So. It is done…

Yes, the party’s finally over; the Six Nations done and dusted for another year. Saturday’s matches were a mixed bunch, yet most definitely not as dull as in previous rounds. This week’s awards ceremony will be undergoing something of a reshuffle; rather than doing the matches in chronological order, losers first (as usual), I’m going to leave England-Wales until last. Anyone who saw, or even heard about, the match will probably be able to work out why.

But we must begin somewhere; IRELAND, to be precise, whose award for both this match and, arguably, their championship as a whole is the Another One Bites The Dust Award for Highest Attrition Rate. I talked in a previous post about Ireland’s depressingly high injury rate against England, and there was more of the same today; promising young centre Luke Marshall and winger Keith Earls were off within 25 minutes, and no sooner had Earls’ replacement Luke Fitzgerald entered the fray before he was limping off with a leg injury. With barely half an hour of the match played and all but one backs substitutes used, Ireland flanker Peter O’Mahoney was forced to spend the remainder of the match out on the wing, and given O’Mahoney’s efforts at the breakdown in recent matches it was no wonder Ireland lost momentum without him in the thick of things. However, Ireland’s injury rows were compounded by three yellow cards; firstly to Brian O’Driscoll after a stamp that really should have warranted red (although that would have been something of an ignominious end (if so it proves) to the international career of the greatest centre of all time), and later to Donnacha Ryan and Connor Murray. I felt rather sorry for them; trying to keep any form of structure through all that is nigh-on impossible.

ITALY also picked up a yellow card, this time to captain Sergio Parisse, but they were not hamstrung by injuries or errors in the same way of the Irish and took home not only the win but also the Maori Sidestep Award for Most Exciting Use of The Crash Ball. There were many impressive facets of Italy’s game on Saturday; their handling was superb (Parisse producing another exquisite underhand flick in the same fashion of last week), Luciano Orquera once again ran the show and some of the running rugby put on display was quite superb to watch. However, what most had me entertained most of all was Italy’s use of their forwards; whilst sending the big man through on a collision course with some poor defender is hardly a new strategy, rarely is it executed with quite the same excitement, speed and aggression that the Italians managed. No taking the ball standing still for them, no slowing down before the hit; every crash ball came at sprinting pace, and much credit is due to the Irish defence for their ability to counter the Italian efforts. All in all, a very entertaining match, a well-deserved win, and a fitting end to the career of 104-cap veteran prop Andrea Lo Cicero.

SCOTLAND‘s match against France was slightly less exciting, and a 9-9 half-time scoreline was rather more reflective of the game than similar results in the weekend’s other two matches. However, things picked up (at least for the French) in the second half and Scotland were, eventually able to get a try- in doing so taking the …Is That Legal? Award for Most Dubious Try-Scoring Tactic. With 75 minutes on the clock and 14 points down, the Scots could be somewhat forgiven for a slightly frayed temper, but Sean Lamont’s bit of very subtley-executed and rather impressive cheating was perhaps a shade too far to be really fair. Scotland had won a lineout near halfway and were putting the ball through the hands, Lamont running the dummy line- so far, so normal. What is less normal was Lamont’s subsequent decision to ‘accidentally’ finish his dummy line by running straight into Gael Fickou, knocking the unsuspecting youngster to the ground and leaving a nice hole for centre partner Matt Scott to break through, before offloading to Tim Visser for the try. The French crowd at the time appeared to express their disapproval, but referee Nigel Owens apparently didn’t see it and the try stood. If the scores had been closer at the time, I think the French would be somewhat angrier.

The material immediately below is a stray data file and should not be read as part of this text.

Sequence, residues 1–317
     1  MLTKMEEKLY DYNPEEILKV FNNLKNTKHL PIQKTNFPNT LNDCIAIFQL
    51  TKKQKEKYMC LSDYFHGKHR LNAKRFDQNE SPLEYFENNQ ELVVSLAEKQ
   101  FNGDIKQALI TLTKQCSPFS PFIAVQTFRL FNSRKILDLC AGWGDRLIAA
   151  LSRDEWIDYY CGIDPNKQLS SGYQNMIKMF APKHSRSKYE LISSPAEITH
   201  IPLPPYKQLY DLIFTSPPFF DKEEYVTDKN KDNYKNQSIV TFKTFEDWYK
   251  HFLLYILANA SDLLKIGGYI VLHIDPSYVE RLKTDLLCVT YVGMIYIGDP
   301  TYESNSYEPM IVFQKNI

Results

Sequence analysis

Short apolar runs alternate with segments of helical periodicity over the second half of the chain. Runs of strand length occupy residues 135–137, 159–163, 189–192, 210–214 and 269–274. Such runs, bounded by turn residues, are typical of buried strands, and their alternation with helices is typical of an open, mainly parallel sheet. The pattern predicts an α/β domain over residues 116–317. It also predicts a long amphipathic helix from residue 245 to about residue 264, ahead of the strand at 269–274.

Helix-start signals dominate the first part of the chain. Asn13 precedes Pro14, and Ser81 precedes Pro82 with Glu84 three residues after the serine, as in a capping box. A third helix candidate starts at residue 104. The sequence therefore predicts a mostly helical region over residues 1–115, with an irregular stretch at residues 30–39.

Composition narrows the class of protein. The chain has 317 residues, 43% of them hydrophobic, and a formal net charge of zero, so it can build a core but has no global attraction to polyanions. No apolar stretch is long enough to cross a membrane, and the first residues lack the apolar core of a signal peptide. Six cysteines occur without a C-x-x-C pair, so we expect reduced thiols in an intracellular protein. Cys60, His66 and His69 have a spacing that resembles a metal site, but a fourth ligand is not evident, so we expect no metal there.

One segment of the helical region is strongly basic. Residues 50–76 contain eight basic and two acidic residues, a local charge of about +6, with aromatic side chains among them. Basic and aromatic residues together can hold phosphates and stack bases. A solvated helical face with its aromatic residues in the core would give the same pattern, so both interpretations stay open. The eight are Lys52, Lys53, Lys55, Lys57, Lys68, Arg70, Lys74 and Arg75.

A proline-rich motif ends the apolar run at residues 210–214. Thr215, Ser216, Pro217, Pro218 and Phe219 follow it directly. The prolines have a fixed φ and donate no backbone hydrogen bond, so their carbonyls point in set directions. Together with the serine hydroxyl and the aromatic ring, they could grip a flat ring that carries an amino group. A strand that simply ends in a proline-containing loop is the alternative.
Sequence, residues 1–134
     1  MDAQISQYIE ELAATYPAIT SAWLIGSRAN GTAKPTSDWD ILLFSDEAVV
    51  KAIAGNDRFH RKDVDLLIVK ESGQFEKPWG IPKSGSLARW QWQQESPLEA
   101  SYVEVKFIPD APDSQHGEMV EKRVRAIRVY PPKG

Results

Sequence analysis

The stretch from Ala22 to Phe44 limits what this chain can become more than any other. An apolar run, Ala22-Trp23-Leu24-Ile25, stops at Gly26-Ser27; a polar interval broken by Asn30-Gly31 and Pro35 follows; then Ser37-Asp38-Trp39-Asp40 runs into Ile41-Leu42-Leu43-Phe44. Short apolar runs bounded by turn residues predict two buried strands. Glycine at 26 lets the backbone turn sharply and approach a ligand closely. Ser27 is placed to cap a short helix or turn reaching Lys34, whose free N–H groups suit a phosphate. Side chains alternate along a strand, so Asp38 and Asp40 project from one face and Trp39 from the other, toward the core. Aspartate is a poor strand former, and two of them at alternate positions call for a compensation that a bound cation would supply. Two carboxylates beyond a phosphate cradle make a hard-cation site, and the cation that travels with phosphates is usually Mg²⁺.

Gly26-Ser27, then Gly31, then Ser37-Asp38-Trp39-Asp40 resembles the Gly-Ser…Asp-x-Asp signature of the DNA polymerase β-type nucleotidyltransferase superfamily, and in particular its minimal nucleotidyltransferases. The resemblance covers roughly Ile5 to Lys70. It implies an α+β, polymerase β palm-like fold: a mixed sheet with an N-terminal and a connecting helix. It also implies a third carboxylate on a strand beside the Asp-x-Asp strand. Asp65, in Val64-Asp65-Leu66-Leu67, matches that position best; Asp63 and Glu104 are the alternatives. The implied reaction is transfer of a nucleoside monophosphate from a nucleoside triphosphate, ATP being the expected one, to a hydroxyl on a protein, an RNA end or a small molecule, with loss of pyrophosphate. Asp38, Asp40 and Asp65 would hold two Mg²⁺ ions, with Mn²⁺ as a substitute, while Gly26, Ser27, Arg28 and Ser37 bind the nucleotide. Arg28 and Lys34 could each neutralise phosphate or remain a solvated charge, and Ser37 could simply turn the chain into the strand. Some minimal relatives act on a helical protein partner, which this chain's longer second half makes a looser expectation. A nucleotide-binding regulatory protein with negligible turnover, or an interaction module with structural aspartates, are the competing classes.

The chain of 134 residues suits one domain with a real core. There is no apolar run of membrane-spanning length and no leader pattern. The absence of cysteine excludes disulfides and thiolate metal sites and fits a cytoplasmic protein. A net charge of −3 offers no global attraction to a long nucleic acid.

As for FRANCE themselves, coach Phillippe Saint-Andre could easily have won Best Half-Time Team Talk, such was the transformation in his team when they ran out for the second 40; but I think it is perhaps more reflective of their championship for Vincent Debaty to take the Swing And A Miss Award for Most Fluffed Opportunity. The move had started brightly enough, Debaty taking the ball on the run and using all of his considerable bulk to smash two desperate Scotsmen out of the way. The big prop rumbled off down the wing, and the try seemed fairly certain; Stuart Hogg remained as Scotland’s last line of defence, and France’s flying winger Vincent Clerc was jogging up on Debaty’s outside just waiting to receive the winning pass. However, so apparently engrossed was Debaty with the prospect of only the lithe, skinny Hogg standing between him and the try line that he never even looked at Clerc, and arguably was totally unaware of his team-mate’s existence. Rather than give the pass that would surely have made the five points a formality, Debaty went on his own, was (somehow) taken down by Hogg and France gave away the penalty at the resulting ruck. It was the perfect metaphor for France’s tournament; plenty of promise, an opportunity ripe for the taking, but it all amounted to nothing.